• Some common obsessions of OCD include:
    • worries about contamination
    • fear of hurting others or yourself
    • being responsible for causing something terrible to happen such as fire

Lesson Plan

This free nine page printable from Scholastic provides ideas to use with the book.

The Goldfish Boy Book Unit

Free Book Unit Samples from The Goldfish Boy Book Unit

If you would like to try out the The Goldfish Boy Book Unit before you buy it, this download contains free samples including:

  • Vocabulary Practice for Chapters 1-2
  • Comprehension Questions for Chapters 1-2
  • Constructive Response Question – Inference – The Neighbors
  • Photos to Show What the Rest of the Unit Looks Like

Teaching Ideas to Use with The Goldfish Boy

The Goldfish Boy Book Unit contains graphic organizers for an interactive notebook and game activities covering vocabulary, comprehension questions, comprehension, constructive response writing, and skill practice.

Gay Miller

May 18

Making Connections with Text Lesson #1

Making Connections with Text

Lesson #1

Bloom's Taxonomy

This is the first of three lessons on teaching ‘Making Connections with Text.’ Teaching students to make connections between previous knowledge, experiences, and emotions and the text they are reading, will —

  • help the reader become more involved with the text
  • improve attention span when reading
  • enhance understanding of difficult material
  • help students retain information

Where to Begin

Begin by modeling for your students. Offer information such as:

Text to Text

  • This book reminds me of —- [another book] because —-.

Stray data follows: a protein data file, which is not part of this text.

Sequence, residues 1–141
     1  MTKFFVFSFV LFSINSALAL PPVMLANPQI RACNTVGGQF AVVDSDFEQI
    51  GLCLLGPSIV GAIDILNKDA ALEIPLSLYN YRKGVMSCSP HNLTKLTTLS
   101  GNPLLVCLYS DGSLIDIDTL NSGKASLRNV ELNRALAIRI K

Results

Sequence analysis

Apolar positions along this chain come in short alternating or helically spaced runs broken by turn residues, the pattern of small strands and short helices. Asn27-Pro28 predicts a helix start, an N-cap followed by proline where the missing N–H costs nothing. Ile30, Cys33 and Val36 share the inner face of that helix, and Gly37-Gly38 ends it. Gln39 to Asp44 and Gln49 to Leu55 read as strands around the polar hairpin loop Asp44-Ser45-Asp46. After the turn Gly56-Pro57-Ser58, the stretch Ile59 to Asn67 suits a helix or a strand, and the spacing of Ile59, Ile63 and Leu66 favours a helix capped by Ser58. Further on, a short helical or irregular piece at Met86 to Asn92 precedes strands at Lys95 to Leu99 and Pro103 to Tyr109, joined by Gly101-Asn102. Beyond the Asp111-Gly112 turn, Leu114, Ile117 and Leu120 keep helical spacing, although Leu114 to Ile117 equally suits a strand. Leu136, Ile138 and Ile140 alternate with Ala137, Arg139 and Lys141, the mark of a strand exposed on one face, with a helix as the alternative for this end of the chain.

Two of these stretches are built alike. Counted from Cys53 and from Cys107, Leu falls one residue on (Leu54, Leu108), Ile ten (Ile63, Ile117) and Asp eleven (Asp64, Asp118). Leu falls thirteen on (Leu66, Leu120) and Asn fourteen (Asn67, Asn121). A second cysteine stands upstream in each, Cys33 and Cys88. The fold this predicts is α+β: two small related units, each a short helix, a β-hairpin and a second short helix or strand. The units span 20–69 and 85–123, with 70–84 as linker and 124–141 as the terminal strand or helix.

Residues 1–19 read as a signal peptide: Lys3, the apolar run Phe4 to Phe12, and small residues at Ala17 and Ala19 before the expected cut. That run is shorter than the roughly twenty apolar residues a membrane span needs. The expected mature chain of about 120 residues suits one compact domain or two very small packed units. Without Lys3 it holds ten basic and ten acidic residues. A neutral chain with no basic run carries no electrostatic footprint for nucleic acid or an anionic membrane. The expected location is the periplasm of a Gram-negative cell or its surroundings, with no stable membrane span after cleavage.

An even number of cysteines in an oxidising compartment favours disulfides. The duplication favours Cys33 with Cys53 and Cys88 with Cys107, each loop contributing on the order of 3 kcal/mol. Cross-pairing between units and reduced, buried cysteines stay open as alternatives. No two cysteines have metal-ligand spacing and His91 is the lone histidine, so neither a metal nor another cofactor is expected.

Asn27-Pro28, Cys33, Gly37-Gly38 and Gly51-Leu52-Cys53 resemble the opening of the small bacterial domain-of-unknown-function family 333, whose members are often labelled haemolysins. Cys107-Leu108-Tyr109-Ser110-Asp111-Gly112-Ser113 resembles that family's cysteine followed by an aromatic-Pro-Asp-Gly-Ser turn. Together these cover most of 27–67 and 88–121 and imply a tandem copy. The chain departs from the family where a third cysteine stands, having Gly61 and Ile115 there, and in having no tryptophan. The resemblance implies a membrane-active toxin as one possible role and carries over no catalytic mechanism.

Text to Self

  • I felt like —- when —-.
  • If this happened to me, I would —-.

Text to Media

  • This story reminds me of — [name specific TV show, movie, etc.] because —.

Text to World

  • This reminded me of what is happening in [name specific event] because —-. 

Often ‘text to self’ is the easiest place to start. Once students have seen the teacher model, they will often began making connections on their own.

Next ask questions to get students involved in the discussion. These might include:

Text to Text

  • How did something you have read help you better understand this?
  • How is this text similar to or different from other things you have read?
  • What other book does this remind you of?

Text to Self

  • How did reading this make you feel?
  • Have you ever experienced something like this?
  • What has happened in your life to help you better understand this?

Text to Media

  • What [movie, TV show, song, or other media] did this remind you of?
  • What did you learn from [television, films, songs, etc.] that helped you better understand this text?
  • How did the [song] help you understand this text?
  • What part of this text relates to the movie you saw?

Text to World

  • What has happened in the world that is similar to this text?
  • How did your knowledge of [what is happening in the world] help you better understand this text?
  • What part reminds you of something in the world around us?

Graffiti Notes Organizers

Get the printable here.

Free Graphic Organizers to use when Teaching Making Connections with Text